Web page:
heic0720 — Science Release
heic0719 — Photo Release
29 November 2007: Hubble has sent back an early Christmas card with this new NASA/ESA Hubble Space Telescope image of the nearby spiral galaxy Messier 74. It is an enchanting reminder of the impending season. Resembling glittering baubles on a holiday wreath, bright knots of glowing gas light up the spiral arms; regions of new star birth shining in pink.
heic0718 — Photo Release
heic0717 — Photo Release
heic0716 — Science Release
16 October 2007: The NASA/ESA Hubble Space Telescope has found out the true nature of a dwarf galaxy that astronomers had for a long time identified as one of the youngest galaxies in the Universe. Astronomers using the NASA/ESA Hubble Space Telescope have made observations of the galaxy I Zwicky 18 which seem to indicate that it is in fact much older and much farther away than previously thought.
heic0715 — Photo Release
heic0714 — Science Release
6 September 2007: The NASA/ESA Hubble Space Telescope and the NASA Spitzer Space Telescope have joined forces to discover nine of the smallest, faintest, most compact galaxies ever observed in the distant Universe. Blazing with the brilliance of millions of stars, each of the newly discovered galaxies is a hundred to a thousand times smaller than our Milky Way Galaxy.
heic0713 — Science Release
heic0712 — Photo Release
31 July 2007: The NASA/ESA Hubble Space Telescope has photographed three magnificent sections of the Veil Nebula - the shattered remains of a supernova that exploded some 5-10,000 years ago. The new Hubble images provide beautiful views of the delicate, wispy structure resulting from this cosmic explosion.
heic0711 — Photo Release
heic0710 — Photo Release
28 May 2007: The sharpest image ever taken of the large "grand design" spiral galaxy Messier 81 is being released today. The image, constructed from a series of images taken with NASA/ESA Hubble Space Telescope, is among the largest ever released. Messier 81 is one of the brightest galaxies that can be seen from the Earth.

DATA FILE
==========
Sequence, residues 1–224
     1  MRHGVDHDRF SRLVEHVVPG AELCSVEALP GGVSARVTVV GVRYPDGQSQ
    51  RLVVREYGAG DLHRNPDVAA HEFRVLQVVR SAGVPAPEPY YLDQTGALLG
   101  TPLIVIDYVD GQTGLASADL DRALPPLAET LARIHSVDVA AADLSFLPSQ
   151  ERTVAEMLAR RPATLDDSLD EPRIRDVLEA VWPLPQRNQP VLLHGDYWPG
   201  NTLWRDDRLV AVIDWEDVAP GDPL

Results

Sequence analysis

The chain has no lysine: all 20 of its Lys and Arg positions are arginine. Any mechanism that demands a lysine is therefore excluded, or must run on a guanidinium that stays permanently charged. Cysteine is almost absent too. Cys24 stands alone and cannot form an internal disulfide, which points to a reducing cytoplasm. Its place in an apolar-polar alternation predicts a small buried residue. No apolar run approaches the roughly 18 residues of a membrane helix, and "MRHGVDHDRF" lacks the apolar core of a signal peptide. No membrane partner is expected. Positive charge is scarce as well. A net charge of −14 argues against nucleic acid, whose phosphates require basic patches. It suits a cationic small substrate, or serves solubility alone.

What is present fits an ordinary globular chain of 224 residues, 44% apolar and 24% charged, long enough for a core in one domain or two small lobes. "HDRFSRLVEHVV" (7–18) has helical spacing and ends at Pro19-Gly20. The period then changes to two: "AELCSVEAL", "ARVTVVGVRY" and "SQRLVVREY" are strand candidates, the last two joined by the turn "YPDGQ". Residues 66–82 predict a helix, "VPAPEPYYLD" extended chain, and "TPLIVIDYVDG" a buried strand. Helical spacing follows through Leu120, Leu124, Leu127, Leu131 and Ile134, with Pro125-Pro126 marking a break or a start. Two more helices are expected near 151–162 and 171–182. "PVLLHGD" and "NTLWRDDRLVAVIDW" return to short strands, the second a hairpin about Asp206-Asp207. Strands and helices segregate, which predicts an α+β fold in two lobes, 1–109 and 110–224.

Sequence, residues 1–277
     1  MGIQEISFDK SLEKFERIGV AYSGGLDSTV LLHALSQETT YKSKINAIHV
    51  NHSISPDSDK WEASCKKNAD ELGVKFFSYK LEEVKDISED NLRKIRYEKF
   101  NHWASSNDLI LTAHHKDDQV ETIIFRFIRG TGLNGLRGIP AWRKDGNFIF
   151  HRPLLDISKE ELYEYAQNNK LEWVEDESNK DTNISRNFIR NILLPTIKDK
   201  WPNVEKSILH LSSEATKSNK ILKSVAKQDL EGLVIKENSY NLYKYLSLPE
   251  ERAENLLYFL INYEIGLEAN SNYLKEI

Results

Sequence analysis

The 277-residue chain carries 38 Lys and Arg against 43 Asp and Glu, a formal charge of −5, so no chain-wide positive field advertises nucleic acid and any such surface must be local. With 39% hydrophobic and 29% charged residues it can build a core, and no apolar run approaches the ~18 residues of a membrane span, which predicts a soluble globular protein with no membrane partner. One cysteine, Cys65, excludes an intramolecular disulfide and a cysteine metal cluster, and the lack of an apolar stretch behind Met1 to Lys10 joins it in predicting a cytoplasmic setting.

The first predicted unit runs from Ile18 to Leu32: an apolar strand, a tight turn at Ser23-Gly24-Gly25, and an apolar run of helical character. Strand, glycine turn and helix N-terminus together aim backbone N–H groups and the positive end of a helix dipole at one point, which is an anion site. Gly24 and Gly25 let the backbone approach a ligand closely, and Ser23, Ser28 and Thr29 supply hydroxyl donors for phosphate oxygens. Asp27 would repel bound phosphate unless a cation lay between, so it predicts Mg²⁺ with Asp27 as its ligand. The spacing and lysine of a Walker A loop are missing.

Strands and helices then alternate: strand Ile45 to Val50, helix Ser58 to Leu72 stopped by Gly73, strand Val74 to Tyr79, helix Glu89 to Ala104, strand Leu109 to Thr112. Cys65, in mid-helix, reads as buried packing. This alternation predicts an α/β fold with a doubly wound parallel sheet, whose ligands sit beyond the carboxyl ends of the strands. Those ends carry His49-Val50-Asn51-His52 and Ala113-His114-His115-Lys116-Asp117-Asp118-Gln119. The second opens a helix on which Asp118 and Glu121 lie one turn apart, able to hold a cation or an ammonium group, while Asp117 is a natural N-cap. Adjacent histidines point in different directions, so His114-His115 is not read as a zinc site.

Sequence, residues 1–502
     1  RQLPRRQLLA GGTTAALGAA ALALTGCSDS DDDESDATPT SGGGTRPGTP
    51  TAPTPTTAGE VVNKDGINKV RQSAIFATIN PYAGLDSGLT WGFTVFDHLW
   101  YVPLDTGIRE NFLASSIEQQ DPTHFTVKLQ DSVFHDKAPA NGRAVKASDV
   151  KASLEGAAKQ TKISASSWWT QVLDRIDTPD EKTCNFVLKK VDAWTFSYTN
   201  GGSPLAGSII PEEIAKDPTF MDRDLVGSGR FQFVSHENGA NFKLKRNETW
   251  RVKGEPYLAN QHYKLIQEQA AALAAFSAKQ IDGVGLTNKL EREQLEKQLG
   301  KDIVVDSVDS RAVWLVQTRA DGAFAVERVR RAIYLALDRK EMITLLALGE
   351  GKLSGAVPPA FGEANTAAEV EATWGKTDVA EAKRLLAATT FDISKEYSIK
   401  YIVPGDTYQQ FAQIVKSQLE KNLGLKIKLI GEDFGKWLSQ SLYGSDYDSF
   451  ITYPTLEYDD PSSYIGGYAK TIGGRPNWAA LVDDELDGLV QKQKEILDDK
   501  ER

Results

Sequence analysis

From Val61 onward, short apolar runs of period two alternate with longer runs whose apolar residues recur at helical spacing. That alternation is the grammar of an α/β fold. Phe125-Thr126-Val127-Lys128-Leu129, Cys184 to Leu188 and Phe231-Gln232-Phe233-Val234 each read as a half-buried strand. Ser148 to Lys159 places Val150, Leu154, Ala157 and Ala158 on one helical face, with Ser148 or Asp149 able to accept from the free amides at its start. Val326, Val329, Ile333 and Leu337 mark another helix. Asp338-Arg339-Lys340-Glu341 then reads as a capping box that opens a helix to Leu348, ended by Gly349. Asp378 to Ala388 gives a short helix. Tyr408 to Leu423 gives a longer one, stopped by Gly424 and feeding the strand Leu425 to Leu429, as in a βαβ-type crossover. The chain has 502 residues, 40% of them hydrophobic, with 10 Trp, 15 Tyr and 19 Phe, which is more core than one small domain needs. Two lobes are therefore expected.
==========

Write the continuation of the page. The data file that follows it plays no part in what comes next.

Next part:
heic0709 — Science Release
15 May 2007: An international team of astronomers using the NASA/ESA Hubble Space Telescope has discovered a ghostly ring of dark matter that was formed long ago during a titanic collision between two massive galaxy clusters. It is the first time that a dark matter distribution has been found that differs substantially from the distribution of ordinary matter.
heic0708 — Science Release
2 May 2007: Analysis of Hubble observations of the massive globular cluster NGC 2808 provides evidence that it has three generations of stars that formed early in the cluster's life. This is a major upset for conventional theories as astronomers have long thought that globular star clusters had a single "baby boom" of stars early in their lives and then settled down into a long, quiet middle age.
heic0707 — Photo Release
24 April 2007: One of the largest panoramic images ever taken with Hubble's cameras has been released to celebrate the 17th anniversary of the launch and deployment of the NASA/ESA Hubble Space Telescope. The image shows a 50 light-year-wide view of the tumultuous central region of the Carina Nebula where a maelstrom of star birth – and death – is taking place.
heic0706 — Photo Release
heic0705 — Science Release
2 March 2007: The NASA/ESA Hubble Space Telescope, in collaboration with several other ground- and space-based telescopes, has captured a galaxy being ripped apart by a galaxy cluster's gravitational field and harsh environment. The finding sheds light on the mysterious process by which gas-rich spiral-shaped galaxies might evolve into gas-poor irregular- or elliptical-shaped galaxies over billions of years. The new observations also show one mechanism to form the millions of "homeless" stars seen scattered throughout galaxy clusters.
heic0704 — Science Release
heic0703 — Photo Release
heic0702 — Photo Release
8 January 2007: A new image from the Hubble Space Telescope shows N90, one of the star-forming regions in the Small Magellanic Cloud. The rich populations of infant stars found here enable astronomers to examine star forming processes in an environment that is very different from that in our own Milky Way.
heic0701 — Science Release
7 January 2007: By analysing the COSMOS survey – the largest ever survey undertaken with Hubble – an international team of scientists has assembled one of the most important results in cosmology: a three-dimensional map that offers a first look at the web-like large-scale distribution of dark matter in the Universe. This historic achievement accurately confirms standard theories of structure formation.
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